What if…we had quotas for women in politics?

Vanessa Baird looks at what gender parity can do.

Illustration by Andy Carter
Illustration by Andy Carter

They smile for the camera – the eager new cohort of female parliamentarians. It’s a standard photo, after a general election. A sign, hopefully, of progress.

Over 100 countries in the world have signed up to the goal of gender parity in parliament, an initiative launched at the 1995 World Conference on Women’s Rights in Beijing.

Some countries have made great strides, but generally the pace has been slow and uneven. Today, the global average of seats held by women in national parliaments is just 23 per cent, according to the international Gender Quotas Database.

In 2019 only three countries had 50 per cent or more women in parliament: Rwanda with 61 per cent, and Cuba and (pre-coup) Bolivia with 53 per cent. They beat Nordic goody-goodies like Sweden (47 per cent) and are way ahead of the UK (currently at 33 per cent), Australia (30 per cent) and Canada (29 per cent). The US lumbers just behind China (23 and 24 per cent respectively), but ahead of Brazil (15 per cent), India (14 per cent) and Iran (under 6 per cent). Papua New Guinea boasts a stunning zero per cent women in both houses, according to UN figures.

Women make up half the world population and so having that fact reflected in the corridors of power is only fair. But gender parity actually improves democracy in many ways. According to UN evidence, women’s leadership improves political decision-making processes, and women are more likely to work across party lines even in the most politically combative environments.

Representation matters because it shapes policy. Women in public office are more likely to promote measures that address the challenges facing disadvantaged groups. They champion bills relating to gender-based violence, childcare and parenting, pensions and electoral reform. But they are also more likely to introduce bills related to education, health and the environment.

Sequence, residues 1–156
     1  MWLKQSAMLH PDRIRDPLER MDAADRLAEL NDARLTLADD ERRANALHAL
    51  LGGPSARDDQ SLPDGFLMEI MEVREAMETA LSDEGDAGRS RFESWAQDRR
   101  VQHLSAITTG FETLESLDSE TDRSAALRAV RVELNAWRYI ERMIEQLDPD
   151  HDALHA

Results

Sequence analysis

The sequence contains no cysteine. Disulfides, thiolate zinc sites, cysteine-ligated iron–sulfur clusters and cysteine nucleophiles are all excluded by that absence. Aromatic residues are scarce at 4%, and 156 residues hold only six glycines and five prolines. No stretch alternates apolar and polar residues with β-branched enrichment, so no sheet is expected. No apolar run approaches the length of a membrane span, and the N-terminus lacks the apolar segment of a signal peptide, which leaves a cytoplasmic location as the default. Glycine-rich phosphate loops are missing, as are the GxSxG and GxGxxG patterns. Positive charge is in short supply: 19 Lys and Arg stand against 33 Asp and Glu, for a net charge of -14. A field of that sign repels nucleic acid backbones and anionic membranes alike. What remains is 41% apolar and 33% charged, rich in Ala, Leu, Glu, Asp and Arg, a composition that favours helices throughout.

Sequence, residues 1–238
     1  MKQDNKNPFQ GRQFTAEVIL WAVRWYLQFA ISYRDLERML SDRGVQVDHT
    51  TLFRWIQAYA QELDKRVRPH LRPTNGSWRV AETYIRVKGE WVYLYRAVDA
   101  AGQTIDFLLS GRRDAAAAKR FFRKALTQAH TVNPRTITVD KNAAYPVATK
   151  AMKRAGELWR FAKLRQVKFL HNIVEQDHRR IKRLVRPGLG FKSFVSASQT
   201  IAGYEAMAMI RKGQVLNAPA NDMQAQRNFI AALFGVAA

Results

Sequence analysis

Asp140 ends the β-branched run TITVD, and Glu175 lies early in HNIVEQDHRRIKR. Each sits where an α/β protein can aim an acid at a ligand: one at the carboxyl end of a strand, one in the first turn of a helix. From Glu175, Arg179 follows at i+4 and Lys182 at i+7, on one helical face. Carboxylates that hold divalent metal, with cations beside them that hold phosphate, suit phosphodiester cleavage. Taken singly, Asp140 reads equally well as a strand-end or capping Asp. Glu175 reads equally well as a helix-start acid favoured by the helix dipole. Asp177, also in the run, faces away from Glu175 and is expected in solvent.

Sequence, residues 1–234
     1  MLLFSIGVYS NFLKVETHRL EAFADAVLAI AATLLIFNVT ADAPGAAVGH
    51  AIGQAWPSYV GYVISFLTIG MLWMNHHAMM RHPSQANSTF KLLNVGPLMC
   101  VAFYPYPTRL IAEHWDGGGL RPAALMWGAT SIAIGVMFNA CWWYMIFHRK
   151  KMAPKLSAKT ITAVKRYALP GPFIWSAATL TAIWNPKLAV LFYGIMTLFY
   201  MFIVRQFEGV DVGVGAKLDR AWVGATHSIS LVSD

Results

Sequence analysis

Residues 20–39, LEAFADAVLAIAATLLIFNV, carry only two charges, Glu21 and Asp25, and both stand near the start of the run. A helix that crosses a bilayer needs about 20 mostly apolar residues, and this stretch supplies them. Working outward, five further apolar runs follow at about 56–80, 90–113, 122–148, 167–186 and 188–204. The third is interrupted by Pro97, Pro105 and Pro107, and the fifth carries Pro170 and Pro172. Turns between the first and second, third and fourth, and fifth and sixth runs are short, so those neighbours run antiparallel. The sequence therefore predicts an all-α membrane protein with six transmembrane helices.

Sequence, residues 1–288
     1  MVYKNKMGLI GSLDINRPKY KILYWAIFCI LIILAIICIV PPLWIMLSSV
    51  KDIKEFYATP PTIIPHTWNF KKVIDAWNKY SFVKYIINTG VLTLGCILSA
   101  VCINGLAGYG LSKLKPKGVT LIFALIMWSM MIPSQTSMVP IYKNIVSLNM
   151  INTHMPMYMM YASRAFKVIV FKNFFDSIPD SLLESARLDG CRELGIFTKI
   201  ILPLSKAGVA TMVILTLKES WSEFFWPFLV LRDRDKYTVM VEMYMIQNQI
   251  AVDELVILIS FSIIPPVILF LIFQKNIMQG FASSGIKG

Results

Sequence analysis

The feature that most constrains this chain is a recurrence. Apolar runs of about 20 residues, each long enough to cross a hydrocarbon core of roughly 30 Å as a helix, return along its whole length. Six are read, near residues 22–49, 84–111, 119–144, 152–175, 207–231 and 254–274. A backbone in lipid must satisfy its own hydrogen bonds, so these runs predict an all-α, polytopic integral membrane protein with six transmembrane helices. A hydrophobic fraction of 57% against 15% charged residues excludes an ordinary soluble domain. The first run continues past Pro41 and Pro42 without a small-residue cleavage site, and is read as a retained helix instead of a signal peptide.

For example, female parliamentarians in Senegal pushed through the allocation of a greater share of the country’s GDP to get girls into school. In Rwanda laws that protect children from violence and permit women to inherit land have been passed. Ecuador (committed to 50-50 gender representation) was the first country in the world to recognize the rights of nature in its constitution.

Many politicians agree with gender parity – in principle. The trouble is making it happen. Enter the issue of quotas – and that thorniest of questions, should they be voluntary or enforced? Attempts to make them forced or legally binding encounter strong pushback. Opponents cry ‘tokenism’ and argue that compulsory quotas upend cherished notions of meritocracy.

Extensive research in Sweden, led by Tim Besley, an economist at the London School of Economics, shed some interesting light on this. Entitled ‘Gender quotas and the crisis of the mediocre man’, the 2017 study found that far from adversely affecting the quality of candidates, forced parity actually improved it. Mediocre men who had benefited from gender privilege were removed and eventually replaced with competent women.

Unsurprisingly, those countries that show marked improvement in political gender parity have quotas. The quotas may be set at different levels: say, 30 per cent women, or a minimum 40 per cent for both sexes, or a simple 50:50 split. They may be achieved through different mechanisms: electoral lists, reserved seats or voluntary political party targets. And they could be enforced through a national constitution, electoral law or political party statutes.

Rwanda is the prime example of a country with a strong system of legislated quotas, written into the Constitution in 2003, guaranteeing at least 30 per cent female representation at national and sub-national level. The UK, Canada and Australia, by contrast, have no national legislated quotas, but some at a sub-national level and voluntary political party quotas. The US and India have none.

Serious enforcement makes the difference. ‘When we legislate parity, we find the women, and when we don’t, we find excuses,’ is how Caroline Codsi, founder of the Canadian Women in Governance NGO, put it.

Quotas help, certainly, but parity requires conviction and effort. ‘It’s not enough to say you believe in equality... You need to create the conditions where women will feel welcomed and supported,’ writes Quebecois columnist Toula Drimonis. That means action on work-life balance and a readiness to tackle gender-based violence and abuse against female parliamentarians – a growing problem.

So, what if legislated gender quotas became the norm across the world? There would be more gender equality, obviously. But going by the evidence so far, the world’s health, education, disadvantaged groups and environment would benefit too.